In its lawsuit, the Bevin administration alleged that Planned Parenthood’s required documentation of an emergency hospital and ambulance service were “a complete sham.”

Bevin’s office also alleged that Maryellen Mynear, the former inspector general of the Cabinet for Health and Family Services, “ignored or overlooked” the allegedly deficient abortion license application.

The state said the previous administration erroneously told Planned Parenthood that abortion clinics could begin operations without a license.

Rhonda J. Miller

Gov. Matt Bevin says he’ll do away with Kentucky’s expanded Medicaid system if the federal government doesn’t approve a waiver he’s seeking to augment the expansion.  No state has repealed a Medicaid expansion yet.

If the expansion is totally repealed, those who earn more than 100 percent of the federal poverty level—that’s a little under $12,000 a year—would still be eligible for subsidized insurance through healthcare.gov.

Marybeth Musumeci with the Kaiser Family Foundations says. “They would likely experience higher out-of-pocket costs compared to what they experience under Medicaid and there may be some differences in the benefit package”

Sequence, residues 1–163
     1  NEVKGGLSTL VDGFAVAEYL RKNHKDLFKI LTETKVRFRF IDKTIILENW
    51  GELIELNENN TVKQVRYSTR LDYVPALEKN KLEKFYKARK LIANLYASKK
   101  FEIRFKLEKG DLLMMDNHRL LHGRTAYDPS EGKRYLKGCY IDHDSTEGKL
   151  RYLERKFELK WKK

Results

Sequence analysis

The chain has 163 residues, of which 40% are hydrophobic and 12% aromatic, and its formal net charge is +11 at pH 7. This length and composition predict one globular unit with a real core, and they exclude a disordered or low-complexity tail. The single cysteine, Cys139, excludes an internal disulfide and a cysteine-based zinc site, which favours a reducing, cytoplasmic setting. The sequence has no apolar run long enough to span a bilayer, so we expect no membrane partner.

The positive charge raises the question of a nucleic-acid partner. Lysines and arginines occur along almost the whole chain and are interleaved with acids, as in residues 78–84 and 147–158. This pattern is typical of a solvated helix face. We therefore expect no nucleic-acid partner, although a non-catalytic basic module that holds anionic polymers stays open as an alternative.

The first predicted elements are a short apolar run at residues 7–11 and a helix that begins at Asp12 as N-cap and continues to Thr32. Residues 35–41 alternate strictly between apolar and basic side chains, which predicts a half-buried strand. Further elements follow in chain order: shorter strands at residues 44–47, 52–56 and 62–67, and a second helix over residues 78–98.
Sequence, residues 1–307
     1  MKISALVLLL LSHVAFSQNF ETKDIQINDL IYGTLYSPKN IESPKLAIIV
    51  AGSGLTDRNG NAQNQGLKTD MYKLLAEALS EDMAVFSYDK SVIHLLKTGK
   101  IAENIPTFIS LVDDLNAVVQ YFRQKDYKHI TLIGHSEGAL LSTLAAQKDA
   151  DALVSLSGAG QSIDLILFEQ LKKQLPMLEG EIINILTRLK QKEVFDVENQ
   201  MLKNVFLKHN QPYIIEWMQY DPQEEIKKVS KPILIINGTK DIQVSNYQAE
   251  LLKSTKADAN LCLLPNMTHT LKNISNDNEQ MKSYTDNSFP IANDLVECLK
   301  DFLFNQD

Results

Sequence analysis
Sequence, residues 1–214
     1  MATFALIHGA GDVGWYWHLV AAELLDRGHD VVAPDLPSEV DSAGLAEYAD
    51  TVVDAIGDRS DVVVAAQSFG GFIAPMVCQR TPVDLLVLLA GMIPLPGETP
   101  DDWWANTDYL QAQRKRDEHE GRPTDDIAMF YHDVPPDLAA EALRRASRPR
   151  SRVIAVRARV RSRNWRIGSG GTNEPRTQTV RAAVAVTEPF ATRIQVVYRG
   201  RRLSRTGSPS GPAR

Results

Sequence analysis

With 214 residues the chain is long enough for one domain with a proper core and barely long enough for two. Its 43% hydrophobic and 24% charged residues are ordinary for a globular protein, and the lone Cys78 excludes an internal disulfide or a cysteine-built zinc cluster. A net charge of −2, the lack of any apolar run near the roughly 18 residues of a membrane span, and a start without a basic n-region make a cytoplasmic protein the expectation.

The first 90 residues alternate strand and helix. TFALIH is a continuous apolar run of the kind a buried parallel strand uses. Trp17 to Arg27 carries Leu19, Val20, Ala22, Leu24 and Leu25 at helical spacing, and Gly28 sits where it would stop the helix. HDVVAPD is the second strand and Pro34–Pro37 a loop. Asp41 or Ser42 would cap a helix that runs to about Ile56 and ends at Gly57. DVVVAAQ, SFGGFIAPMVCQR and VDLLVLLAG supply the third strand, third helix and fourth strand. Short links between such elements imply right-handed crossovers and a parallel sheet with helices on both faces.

Ellis Park

Ellis Park in Henderson opens Saturday with daily purses expected to average $210,000 during a summer meet featuring five stakes races worth $325,000.

The growth of Ellis Park's Instant Racing game and a $1.35 million contribution from Kentucky Downs will increase the track's daily purse average from $155,000 last year.

Federal Judge Blocks Indiana Abortion Law

Jun 30, 2016
Wikipedia

A federal judge has blocked a new Indiana law that bans abortions sought because of a fetus’s genetic abnormalities.

U.S. District Court Judge Tanya Walton Pratt released a ruling Thursday that grants the preliminary injunction sought by Planned Parenthood of Indiana and Kentucky. The law was to set to take effect Friday.

Pratt said the state doesn’t have the authority to limit a woman’s reasons for ending a pregnancy. She said the Indiana law would go against U.S. Supreme Court rulings that states may not prohibit a woman from seeking an abortion before fetal viability.

Indiana and North Dakota are the only states with laws banning abortions that are sought due to fetal genetic abnormalities, such as Down syndrome, or because of the race, sex or ancestry of a fetus. The Indiana law also requires that aborted fetuses be buried or cremated.

Ryland Barton

Democratic House Speaker Greg Stumbo is suing Republican Gov. Matt Bevin, saying the governor didn’t properly deliver vetoes to the Secretary of State at the end of this year’s legislative session.